Abderrahim Foukara: Well obviously a lot of people were afraid of expressing their opinions even after Saddam Hussein, to what extent do they feel marginalized today post-2003 and how does that compare with this situation prior to 2003?

Zainab Salbi: So let me ask -- answer it this way, Saddam Hussein's regime, or Saddam Hussein's time, gave and took away from Iraqi women, gave them massive campaign of illiteracy [C.I. note, she means a literacy campaign] for example, education access was very much promoted among women, promotion in the public sector as working women very much was promoted particularly in the seventies and the eighties. Took away from them the sense of security in a government controlled way in other words any woman was vulnerable to government torture or rape or whatever but it was what I call a vertical violence by the government against the population. Took away from them many other issues for example multiple marriages were encouraged by Saddam particularly the nineties. Took away from them mobility to travel the country without a companion. So it gave and it took away.

Asked what most surprised her in her visits and interviews with Iraqi women, Zainab Salbi responded, "They are very strong."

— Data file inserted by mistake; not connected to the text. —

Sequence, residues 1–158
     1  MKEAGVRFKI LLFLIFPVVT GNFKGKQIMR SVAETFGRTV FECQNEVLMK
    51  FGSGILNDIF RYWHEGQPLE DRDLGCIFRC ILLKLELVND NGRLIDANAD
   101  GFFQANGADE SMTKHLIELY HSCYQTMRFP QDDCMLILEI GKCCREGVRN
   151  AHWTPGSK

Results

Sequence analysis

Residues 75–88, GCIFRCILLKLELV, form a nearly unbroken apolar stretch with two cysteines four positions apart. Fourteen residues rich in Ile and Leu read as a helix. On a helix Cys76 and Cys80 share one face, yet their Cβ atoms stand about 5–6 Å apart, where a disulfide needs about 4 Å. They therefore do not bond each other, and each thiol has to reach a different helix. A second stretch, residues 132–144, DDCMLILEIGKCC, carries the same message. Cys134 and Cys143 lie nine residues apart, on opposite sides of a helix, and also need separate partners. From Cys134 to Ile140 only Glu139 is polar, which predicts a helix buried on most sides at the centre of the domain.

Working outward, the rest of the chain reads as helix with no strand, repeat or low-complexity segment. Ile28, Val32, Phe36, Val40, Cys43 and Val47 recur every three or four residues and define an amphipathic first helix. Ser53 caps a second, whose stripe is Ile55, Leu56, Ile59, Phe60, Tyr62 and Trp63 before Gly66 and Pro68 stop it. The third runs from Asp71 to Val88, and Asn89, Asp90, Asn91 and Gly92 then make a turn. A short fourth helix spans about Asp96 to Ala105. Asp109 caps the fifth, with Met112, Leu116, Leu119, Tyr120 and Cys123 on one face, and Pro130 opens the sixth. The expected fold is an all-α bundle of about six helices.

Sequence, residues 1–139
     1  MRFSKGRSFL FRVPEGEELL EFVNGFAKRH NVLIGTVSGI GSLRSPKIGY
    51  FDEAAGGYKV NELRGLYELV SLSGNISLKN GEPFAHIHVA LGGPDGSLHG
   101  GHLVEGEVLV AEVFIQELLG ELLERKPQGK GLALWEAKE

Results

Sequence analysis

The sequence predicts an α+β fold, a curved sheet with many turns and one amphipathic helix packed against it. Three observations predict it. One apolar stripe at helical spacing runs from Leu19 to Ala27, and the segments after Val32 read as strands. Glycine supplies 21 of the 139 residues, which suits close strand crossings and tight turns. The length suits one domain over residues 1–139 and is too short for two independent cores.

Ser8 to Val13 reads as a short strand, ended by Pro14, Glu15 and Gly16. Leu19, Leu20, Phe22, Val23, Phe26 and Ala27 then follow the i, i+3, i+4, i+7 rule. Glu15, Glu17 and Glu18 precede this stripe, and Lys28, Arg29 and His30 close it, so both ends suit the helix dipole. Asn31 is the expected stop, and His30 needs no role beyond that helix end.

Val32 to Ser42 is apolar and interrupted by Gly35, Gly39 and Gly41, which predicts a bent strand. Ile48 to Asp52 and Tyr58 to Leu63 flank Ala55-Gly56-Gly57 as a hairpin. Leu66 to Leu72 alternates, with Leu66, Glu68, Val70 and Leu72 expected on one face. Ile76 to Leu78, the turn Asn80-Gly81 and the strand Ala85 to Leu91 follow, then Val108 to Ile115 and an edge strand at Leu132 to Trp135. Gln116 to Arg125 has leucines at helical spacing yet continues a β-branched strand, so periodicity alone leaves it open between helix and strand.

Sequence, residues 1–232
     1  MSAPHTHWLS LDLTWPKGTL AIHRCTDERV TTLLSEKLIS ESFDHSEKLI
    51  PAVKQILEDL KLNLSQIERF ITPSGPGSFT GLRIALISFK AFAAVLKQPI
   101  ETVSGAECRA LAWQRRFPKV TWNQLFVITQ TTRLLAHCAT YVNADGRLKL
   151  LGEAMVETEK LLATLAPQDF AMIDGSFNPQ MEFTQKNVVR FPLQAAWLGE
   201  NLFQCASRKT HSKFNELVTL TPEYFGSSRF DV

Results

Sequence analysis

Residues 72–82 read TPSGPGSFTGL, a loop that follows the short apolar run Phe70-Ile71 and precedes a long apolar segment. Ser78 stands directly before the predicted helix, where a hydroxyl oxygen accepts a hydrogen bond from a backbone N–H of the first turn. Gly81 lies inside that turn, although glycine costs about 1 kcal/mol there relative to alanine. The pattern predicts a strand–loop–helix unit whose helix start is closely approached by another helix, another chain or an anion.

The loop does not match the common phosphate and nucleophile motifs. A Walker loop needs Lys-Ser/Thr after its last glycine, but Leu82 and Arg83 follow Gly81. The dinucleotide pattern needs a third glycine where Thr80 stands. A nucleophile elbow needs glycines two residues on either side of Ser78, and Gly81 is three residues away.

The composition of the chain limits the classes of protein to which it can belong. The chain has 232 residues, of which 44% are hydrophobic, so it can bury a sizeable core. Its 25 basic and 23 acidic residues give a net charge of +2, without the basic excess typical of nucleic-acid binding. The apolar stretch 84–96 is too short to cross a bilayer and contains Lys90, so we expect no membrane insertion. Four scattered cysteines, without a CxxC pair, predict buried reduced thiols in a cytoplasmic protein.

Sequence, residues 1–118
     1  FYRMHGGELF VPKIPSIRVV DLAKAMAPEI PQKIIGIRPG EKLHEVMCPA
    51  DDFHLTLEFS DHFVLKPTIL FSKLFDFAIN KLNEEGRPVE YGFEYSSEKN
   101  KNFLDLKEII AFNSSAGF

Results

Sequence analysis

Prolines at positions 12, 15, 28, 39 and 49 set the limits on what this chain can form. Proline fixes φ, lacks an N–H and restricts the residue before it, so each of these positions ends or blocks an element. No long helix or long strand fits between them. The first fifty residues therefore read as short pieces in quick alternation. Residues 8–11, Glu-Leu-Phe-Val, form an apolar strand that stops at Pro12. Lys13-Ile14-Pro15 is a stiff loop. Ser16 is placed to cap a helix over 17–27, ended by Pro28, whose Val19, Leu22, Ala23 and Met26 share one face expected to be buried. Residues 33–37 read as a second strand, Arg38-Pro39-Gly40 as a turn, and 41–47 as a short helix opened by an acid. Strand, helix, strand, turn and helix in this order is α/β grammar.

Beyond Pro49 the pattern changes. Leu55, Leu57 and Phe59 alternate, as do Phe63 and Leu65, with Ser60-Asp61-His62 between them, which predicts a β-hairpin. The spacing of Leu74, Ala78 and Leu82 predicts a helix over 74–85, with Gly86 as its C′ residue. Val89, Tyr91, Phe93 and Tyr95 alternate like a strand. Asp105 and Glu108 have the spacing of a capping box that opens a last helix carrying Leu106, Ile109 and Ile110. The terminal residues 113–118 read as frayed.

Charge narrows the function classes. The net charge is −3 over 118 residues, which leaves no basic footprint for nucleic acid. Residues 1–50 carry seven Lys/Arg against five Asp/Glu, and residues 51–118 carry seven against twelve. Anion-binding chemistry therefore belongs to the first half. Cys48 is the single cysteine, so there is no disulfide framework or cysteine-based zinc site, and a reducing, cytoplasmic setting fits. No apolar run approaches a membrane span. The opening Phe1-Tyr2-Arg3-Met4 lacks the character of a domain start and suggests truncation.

Turning to some of today's reported violence . . .


Laith Hammoudi (McClatchy Newspapers) reports a bombing outside Falluja which claimed 1 life, a bombing outside Baquba which left three Iraqi soldiers wounded and a Mosul mortar attack which injured three police officers.


Laith Hammoudi (McClatchy Newspapers) reports 1 merchant shot dead in Mosul (had "received threats by phone few days ago").

From the physical violence to attacks on the Iraqi press. Yesterday, Billie noted a story written up in the Dallas Morning News' "
Update: War report" which is an AP item about the $87,000 judgment against Al-Sharqiya by Iraqi 'courts' which, the item says, was "falsely reporting that orders had been issued to arrest ex-detainees released by the United States." I haven't read the verdict -- has anyone? I know AP hasn't. And I know that's not AP's understanding of the verdict or wasn't yesterday. I think, in squashing things into news briefs, something got lost. The case was over an Iraqi official speaking on the record to the TV station for their report. They quoted him. In addition, they spoke with other officials who did not go on the record. One such official's statements were wrongly -- according to the TV station -- credited to the one who went on the record. The lawsuit was over that issue: Who made the statement with the official who went on the record stating he had not done so (the TV station admitted that) and stating his name had been defamed by the broadcast. The court was not being aske to rule on the report itself. Nor was the court in the position to. The verdict is yet another assault on journalistic freedom in Iraq. And the sum is outrageous for a country that repeatedly tries to scrap their meager rations programs for citizens and thinks a few hundred dollars given to the (small number) of returnees should be enough to tide them over for a full year. Today the International Press Institute released the following: